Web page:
Oil Changes/Topping Off of Fluids – Probably the most involved item on the list in terms of time, space, and tools required, replacing the oil and checking the fluids in your vehicle yourself can seem a bit daunting. With so many different makes and models on the road, it’s best to do a little research about your vehicle’s needs. Items to look into include: proper grade of motor oil; amount needed to fill the engine; type and size of oil filter needed; and location of fluid reservoirs. An extremely important aspect to consider before undertaking this maintenance on your own is the disposal of the used motor oil. It must be disposed of properly due to EPA regulations and cannot be simply dumped down a drain.  Difficulty Level: 5

Replacement of Hoses/Belts – Most hoses in vehicles are easy to locate and replace with simply a screwdriver and/or a ratchet set. Belts, on the other hand, can be more of a challenge as they will more than likely require the movement of other engine parts like the alternator or radiator fan. Again, a little research is needed to find the proper sizes, as well as the average useful life of both hoses and belts for your particular vehicle.  Difficulty Level: 4

Replacement of a Battery – Replacing an old or depleted battery in a vehicle usually takes nothing more than a screwdriver and a ratchet set, but sometimes requires a little extra elbow grease to clean any corrosion off of the terminal cable clamps. In some newer vehicles, especially electric hybrid vehicles, there may require a few extra steps to replace the battery, so be sure to check out the requirements (i.e. size, voltage, etc.) before disconnecting the battery.  Difficulty Level: 3

Replacement of Windshield Wipers – Probably the easiest item on the list, replacing windshield wipers is as simple as buying the correct size blades for your vehicle and snapping them into place. There are several different grades of wiper blades, so be sure to pick up ones that best suit your vehicle’s needs. Things to consider include: amount and type of precipitation in your area, driving conditions for everyday travel, and the durability type of the blades.  Difficulty Level: 1-2

Vehicle Detailing – Maintaining the interior of your vehicle is almost as important as maintaining the mechanics and the exterior, especially for retaining resale value. Auto detailing companies charge a lot of money for something that can be easily done on your own. Investing in the cleaning products and your time is a small price to pay to maintain the integrity of your vehicle’s interior. Simple things like treating leather seats and dashboard and vacuuming floorboards and seats requires little more than some Armor All and a handheld vacuum cleaner!  Difficulty Level: Varies depending on how detailed you want to get.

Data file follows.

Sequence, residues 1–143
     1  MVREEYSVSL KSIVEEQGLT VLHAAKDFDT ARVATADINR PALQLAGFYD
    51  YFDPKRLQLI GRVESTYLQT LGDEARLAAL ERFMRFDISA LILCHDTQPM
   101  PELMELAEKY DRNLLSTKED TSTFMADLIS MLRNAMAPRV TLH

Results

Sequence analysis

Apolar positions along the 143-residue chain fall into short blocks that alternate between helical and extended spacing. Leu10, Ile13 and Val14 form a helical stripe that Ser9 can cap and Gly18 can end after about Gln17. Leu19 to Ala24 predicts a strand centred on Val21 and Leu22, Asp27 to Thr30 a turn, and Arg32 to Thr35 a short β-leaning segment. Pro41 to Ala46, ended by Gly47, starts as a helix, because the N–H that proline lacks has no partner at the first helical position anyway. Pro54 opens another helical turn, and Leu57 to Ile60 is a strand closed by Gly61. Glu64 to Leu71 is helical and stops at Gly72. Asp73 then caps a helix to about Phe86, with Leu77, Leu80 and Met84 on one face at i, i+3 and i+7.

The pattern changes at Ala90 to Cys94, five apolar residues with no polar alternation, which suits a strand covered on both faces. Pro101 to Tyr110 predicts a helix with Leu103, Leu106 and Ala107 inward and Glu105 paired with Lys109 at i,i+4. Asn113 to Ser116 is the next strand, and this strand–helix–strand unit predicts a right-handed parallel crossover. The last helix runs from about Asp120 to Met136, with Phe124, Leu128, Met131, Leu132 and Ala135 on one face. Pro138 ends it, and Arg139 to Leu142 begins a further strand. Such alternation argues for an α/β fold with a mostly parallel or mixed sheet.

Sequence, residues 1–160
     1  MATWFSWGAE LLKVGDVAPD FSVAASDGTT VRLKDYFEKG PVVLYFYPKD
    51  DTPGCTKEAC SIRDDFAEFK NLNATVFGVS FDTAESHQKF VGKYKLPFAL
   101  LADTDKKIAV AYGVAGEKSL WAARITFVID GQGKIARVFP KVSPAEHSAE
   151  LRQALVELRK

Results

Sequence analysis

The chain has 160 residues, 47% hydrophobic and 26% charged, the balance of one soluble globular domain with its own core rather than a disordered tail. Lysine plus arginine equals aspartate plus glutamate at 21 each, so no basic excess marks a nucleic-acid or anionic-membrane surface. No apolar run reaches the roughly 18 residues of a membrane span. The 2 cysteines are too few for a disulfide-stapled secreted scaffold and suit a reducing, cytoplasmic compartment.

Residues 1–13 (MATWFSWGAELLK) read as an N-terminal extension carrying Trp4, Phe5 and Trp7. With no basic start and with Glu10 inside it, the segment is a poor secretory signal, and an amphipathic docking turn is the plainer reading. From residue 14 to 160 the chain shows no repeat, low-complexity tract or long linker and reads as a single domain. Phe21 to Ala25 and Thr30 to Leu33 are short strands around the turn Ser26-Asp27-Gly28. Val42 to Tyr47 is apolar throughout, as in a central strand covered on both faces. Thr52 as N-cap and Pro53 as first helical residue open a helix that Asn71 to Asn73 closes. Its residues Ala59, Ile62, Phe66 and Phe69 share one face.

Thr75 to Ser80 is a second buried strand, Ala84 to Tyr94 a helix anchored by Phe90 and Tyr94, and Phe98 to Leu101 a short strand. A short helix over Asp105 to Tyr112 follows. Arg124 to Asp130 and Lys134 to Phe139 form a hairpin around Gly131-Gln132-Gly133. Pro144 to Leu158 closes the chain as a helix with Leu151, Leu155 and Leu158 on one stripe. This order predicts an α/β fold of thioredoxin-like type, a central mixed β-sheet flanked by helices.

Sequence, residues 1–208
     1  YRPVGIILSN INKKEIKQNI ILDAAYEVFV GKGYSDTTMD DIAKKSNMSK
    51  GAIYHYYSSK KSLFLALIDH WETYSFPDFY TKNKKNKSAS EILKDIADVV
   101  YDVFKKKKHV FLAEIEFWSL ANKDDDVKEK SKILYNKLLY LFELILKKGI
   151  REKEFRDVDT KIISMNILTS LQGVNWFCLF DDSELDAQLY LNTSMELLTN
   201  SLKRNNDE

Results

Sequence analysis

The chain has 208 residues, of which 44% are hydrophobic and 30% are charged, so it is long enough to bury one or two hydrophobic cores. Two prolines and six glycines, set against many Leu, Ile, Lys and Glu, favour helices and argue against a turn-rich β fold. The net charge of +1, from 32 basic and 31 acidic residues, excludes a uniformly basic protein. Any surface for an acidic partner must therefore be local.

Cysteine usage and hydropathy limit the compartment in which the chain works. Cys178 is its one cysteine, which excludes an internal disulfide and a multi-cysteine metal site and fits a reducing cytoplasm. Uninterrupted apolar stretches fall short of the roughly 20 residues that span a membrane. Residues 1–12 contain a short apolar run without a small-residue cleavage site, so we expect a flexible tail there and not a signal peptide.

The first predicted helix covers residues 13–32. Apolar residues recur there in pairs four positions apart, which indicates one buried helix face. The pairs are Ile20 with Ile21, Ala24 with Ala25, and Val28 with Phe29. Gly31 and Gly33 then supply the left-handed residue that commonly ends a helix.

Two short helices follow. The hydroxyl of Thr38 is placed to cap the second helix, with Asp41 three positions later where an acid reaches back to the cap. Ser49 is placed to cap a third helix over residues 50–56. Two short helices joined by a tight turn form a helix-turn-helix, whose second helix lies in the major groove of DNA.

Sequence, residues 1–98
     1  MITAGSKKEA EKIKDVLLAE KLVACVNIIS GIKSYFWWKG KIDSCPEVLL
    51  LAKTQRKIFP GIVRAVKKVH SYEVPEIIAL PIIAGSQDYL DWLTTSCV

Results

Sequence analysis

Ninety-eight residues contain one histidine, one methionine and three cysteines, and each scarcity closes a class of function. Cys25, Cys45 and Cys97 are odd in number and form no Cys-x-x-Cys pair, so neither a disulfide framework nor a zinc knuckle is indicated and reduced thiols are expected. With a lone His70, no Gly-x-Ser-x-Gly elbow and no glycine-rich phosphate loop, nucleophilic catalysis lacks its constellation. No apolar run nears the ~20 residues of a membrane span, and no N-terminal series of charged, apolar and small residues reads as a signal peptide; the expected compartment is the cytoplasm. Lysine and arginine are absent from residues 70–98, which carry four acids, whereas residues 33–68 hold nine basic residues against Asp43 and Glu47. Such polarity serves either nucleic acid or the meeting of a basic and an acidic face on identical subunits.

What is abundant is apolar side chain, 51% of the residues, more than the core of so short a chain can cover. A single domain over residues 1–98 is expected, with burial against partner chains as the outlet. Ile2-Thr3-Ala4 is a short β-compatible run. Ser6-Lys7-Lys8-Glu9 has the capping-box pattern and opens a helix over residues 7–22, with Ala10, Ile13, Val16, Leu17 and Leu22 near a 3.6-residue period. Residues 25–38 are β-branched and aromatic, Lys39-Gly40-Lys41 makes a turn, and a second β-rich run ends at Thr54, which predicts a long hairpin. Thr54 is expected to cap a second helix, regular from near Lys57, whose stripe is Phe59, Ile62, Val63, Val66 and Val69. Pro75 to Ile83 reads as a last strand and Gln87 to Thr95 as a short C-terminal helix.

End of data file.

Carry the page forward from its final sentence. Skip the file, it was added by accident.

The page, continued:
We mentioned earlier that all of these items required a little bit of know-how, but where do you go to find out how to maintain your vehicle? Great question! There are many resources available to you, but the first place to start is with the Owner’s Manual that came with the vehicle. This is where you will find all of the important information regarding your specific make and model and year.

From there, you can jump online and check out e-learning sites like eHow, wikiHow and How-Cast to get step-by-step maintenance instructions for your vehicle. In addition, there are a plethora of great blogs (like this one) that write reviews on different types of products, like motor oil and wiper blades.

As we said, with a little know-how, a little time, and a little cash, you can perform your vehicle maintenance at home! Have any other suggestions for DIY/home vehicle maintenance? Got an online resource that you use regularly for repairs? Let us know in the comments below – we always appreciate your feedback!

*image courtesy of marie_claire_camp on flickr.com

How Important Is Scheduled Maintenance For Your Car?

maintenance for your car

It goes without saying that a vehicle is a pretty large investment and that, new or used, it will come with the responsibility of maintaining its parts and systems. It’s through the routine of regularly-scheduled maintenance that owners can extend the road life, maximize fuel efficiency, and retain resale value for their vehicle.

Oil and filter changes are just a few of the important maintenance items that need to be done throughout the life of your car. While some maintenance items are more frequent than others, they all play a role in the overall care of your car.  Below is a list of the top 10 most common maintenance services. Some of them can be DIY if you have the tools, knowledge and time, while others require you to take the vehicle to a certified mechanic.